Clean Slate

The year is coming to an end, and what a year it’s been . . . for all of us. Trump has dominated the headlines, but I don’t want to talk about him. I want to talk about me. It’s my blog, after all.

I have had a good balance between positive and negative experiences in 2017. I went to Rochester, NY in January to attend the March for Women’s Lives with my brother and his daughters. I was so excited to see people coming together to celebrate the importance of women’s history and women’s leadership. The icing on the cake was watching my nieces making their own posters. They were eager to be a part of social justice activism. My heart melted when my oldest niece told me she was a feminist without any prompting from me.

My tumor is stable. I’m cutting my chemo treatments back to once a month. MRI’s will be quarterly, rather than every other month. I’ve graduated from speech therapy and have been enjoying the challenge of intense physical therapy to help me maintain my balance. My quilting skills have grown, thanks to volunteering with Project Linus Tucson. I get to drive once a week to run errands. These may sound like small victories, but it’s the little things that help us create and share positive energy. Just think of the atom. It’s miniscule, but it’s the basis of all life. [Read more…]

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Dear Senator McCain

Senator John McCain returned to the Senate floor today, after spending just five days in recovery from surgery to remove a brain tumor. Senator McCain’s office released a confirmation of his diagnosis on July 19th. He has a glioblastoma, one of the most difficult types of brain tumors. I applaud McCain’s tenacity, but I am very disappointed by his stance on the Affordable Care Act. This is my response.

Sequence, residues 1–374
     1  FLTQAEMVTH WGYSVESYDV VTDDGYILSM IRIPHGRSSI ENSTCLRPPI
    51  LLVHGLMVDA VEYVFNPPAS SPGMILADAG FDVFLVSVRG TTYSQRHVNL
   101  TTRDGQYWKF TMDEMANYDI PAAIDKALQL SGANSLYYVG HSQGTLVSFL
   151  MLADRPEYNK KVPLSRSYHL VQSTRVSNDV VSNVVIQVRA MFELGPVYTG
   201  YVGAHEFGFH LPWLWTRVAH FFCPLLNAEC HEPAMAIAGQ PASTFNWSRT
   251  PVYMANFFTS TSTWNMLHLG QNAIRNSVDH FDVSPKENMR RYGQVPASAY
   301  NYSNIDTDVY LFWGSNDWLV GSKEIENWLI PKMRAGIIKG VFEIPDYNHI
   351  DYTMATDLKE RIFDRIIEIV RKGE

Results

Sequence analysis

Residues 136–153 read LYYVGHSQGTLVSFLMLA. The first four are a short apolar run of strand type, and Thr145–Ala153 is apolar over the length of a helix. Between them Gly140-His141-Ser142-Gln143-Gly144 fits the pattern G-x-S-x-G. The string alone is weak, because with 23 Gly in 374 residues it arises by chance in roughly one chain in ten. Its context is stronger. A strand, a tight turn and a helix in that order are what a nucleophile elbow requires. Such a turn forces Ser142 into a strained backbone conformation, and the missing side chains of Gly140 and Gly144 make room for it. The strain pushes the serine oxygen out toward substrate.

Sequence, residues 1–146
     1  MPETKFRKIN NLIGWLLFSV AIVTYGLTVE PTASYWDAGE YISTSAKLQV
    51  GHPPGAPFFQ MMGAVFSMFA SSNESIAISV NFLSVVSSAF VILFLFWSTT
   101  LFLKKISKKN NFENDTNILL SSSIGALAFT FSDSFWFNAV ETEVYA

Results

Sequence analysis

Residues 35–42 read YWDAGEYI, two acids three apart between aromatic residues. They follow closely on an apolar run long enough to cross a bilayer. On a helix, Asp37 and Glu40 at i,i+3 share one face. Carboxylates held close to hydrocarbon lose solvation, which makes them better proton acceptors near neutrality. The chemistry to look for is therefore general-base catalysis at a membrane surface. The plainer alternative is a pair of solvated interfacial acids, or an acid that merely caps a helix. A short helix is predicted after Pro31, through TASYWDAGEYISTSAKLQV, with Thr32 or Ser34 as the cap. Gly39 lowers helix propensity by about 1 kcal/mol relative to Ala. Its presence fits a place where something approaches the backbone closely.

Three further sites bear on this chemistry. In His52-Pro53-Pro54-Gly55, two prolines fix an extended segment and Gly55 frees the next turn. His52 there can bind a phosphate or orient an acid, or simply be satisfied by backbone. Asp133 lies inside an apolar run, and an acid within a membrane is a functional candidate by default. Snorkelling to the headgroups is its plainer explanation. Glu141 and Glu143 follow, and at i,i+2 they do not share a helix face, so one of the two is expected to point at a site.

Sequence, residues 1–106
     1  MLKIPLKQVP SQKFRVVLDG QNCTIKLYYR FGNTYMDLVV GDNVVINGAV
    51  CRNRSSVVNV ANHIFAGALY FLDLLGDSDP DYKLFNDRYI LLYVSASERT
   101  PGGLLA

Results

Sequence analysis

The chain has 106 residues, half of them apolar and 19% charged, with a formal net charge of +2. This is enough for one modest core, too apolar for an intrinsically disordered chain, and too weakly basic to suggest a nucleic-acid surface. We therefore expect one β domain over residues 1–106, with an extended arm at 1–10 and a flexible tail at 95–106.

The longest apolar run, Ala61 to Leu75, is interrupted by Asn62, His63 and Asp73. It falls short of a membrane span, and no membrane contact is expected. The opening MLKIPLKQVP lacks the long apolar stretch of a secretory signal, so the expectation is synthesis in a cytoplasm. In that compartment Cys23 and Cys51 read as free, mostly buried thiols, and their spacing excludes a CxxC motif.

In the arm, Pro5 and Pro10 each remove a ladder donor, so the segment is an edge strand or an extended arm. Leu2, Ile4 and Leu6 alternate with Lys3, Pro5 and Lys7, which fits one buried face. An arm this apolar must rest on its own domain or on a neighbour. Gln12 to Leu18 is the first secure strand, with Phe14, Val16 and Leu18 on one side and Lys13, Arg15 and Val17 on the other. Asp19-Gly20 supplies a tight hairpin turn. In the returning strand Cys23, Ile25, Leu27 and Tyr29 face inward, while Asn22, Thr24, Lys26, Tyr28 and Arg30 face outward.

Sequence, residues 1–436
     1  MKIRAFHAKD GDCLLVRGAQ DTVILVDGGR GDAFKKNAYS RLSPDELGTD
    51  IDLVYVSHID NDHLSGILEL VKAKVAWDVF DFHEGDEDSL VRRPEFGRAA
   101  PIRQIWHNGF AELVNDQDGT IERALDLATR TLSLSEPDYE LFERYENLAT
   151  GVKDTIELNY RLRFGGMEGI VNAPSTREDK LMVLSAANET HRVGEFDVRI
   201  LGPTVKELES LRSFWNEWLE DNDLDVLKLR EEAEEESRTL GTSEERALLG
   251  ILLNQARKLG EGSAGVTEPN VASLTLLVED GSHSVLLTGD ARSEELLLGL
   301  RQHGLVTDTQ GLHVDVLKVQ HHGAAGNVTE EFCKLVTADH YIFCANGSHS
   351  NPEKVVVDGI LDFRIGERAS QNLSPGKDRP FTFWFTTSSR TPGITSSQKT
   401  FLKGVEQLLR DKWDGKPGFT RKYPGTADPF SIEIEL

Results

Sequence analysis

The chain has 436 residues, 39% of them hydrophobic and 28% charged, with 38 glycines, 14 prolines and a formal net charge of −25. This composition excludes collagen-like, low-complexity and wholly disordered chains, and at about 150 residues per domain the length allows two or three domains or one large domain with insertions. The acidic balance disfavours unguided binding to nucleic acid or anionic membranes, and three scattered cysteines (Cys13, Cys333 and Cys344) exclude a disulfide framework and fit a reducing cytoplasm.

Dear Senator McCain,

Congratulations on heading back to the Senate floor. I admire your tenacity.

I am reaching out to you as a fellow brain cancer warrior. I was diagnosed with stage 3 Astrocytoma five years ago. I was self-employed, and my partner was in graduate school when I received my diagnosis. We did not have health insurance. However, the Affordable Care Act (ACA) went into effect in the Spring of 2012, and I was fortunate enough to get insurance coverage through the Pre-existing Condition Insurance Plan (PCIP). I paid for my policy, deductibles, and co-pays, just as anyone else does. My partner dropped out of grad school so he could find a stable job that provided health insurance. Thanks to the PCIP requirements, I was able to obtain stable health insurance when the PCIP expired.

I have been on chemo for five years. I have had three separate different sets of radiation. I have had bi-monthly MRI’s for the past five years. I have utilized speech therapy and physical therapy. If the ACA is repealed, I (as well as every other cancer patient in the United States) could be at risk losing health care insurance. That is unconscionable.

Please vote no for the repeal of the ACA. Healthcare is a basic human right. You owe it to yourself, your constituents, and all your fellow cancer warriors to stand up and speak out.

I look forward to your support and send you positive, healing energy.

Sincerely,
Serena Freewomyn

Dealing with cancer is hard work. I am blessed to have the support of my family and friends. However, I have wracked up over $300,000 of debt ($60,000 was from one visit to the ER) because of cancer. Please contact your Congressional representatives and urge them to keep healthcare coverage available for everyone, not just the one percent. We can’t say that the US is the greatest country in the world if we don’t have equitable access to healthcare.

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